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Sarah Risse; Effects of visual span on reading speed and parafoveal processing in eye movements during sentence reading. Journal of Vision 2014;14(8):11. doi: 10.1167/14.8.11.
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© ARVO (1962-2015); The Authors (2016-present)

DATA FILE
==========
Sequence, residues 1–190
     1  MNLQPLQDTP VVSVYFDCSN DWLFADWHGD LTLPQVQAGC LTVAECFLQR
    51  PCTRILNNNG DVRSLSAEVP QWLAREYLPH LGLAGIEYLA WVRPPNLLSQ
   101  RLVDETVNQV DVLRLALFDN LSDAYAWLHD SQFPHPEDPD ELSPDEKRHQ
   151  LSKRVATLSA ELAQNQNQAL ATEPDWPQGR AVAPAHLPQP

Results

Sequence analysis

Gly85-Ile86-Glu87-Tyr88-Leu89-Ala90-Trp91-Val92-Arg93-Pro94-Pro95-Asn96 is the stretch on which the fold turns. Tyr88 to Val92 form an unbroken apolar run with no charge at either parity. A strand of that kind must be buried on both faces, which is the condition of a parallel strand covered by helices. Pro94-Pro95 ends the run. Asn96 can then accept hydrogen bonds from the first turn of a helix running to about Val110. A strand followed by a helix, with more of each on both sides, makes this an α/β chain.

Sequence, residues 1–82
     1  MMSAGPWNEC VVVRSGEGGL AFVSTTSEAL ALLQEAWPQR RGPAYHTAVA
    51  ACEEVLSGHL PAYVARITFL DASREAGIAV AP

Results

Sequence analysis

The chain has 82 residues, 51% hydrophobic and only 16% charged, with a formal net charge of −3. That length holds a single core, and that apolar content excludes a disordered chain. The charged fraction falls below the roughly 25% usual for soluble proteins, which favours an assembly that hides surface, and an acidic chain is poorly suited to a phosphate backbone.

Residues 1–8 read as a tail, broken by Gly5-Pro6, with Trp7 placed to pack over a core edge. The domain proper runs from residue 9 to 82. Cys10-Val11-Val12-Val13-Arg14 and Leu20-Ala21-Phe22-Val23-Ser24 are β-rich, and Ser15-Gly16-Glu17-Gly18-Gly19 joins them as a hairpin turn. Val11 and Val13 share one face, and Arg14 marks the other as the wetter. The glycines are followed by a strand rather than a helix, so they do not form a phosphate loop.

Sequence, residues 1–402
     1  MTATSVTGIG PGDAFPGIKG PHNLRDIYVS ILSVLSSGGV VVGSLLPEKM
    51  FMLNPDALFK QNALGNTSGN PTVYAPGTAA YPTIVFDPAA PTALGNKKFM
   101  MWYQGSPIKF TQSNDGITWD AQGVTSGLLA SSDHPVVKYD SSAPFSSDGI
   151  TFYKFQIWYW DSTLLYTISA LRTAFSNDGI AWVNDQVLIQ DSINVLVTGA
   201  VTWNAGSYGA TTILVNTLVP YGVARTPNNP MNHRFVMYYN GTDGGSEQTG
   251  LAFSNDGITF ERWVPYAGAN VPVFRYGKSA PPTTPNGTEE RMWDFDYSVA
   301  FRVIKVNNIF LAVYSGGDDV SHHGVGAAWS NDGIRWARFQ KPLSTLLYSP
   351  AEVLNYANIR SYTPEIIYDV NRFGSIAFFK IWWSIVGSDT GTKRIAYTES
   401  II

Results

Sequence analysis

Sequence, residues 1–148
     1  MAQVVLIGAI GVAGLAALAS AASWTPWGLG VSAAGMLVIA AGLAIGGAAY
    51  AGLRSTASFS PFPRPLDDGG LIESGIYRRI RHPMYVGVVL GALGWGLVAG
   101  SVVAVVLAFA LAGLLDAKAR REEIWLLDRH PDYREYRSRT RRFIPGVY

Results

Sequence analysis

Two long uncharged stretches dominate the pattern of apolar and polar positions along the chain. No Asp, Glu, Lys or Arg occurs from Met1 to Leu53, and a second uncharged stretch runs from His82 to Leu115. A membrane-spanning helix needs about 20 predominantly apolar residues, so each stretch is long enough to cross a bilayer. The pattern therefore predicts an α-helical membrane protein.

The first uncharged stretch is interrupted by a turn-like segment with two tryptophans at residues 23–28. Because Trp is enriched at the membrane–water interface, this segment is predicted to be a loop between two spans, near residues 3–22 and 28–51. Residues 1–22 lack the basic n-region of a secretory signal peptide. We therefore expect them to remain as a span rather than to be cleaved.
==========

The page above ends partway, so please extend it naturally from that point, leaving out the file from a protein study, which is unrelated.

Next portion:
The visual span (or “uncrowded window”), which limits the sensory information on each fixation, has been shown to determine reading speed in tasks involving rapid serial visual presentation of single words. The present study investigated whether this is also true for fixation durations during sentence reading when all words are presented at the same time and parafoveal preview of words prior to fixation typically reduces later word-recognition times. If so, a larger visual span may allow more efficient parafoveal processing and thus faster reading. In order to test this hypothesis, visual span profiles (VSPs) were collected from 60 participants and related to data from an eye-tracking reading experiment. The results confirmed a positive relationship between the readers' VSPs and fixation-based reading speed. However, this relationship was not determined by parafoveal processing. There was no evidence that individual differences in VSPs predicted differences in parafoveal preview benefit. Nevertheless, preview benefit correlated with reading speed, suggesting an independent effect on oculomotor control during reading. In summary, the present results indicate a more complex relationship between the visual span, parafoveal processing, and reading speed than initially assumed.
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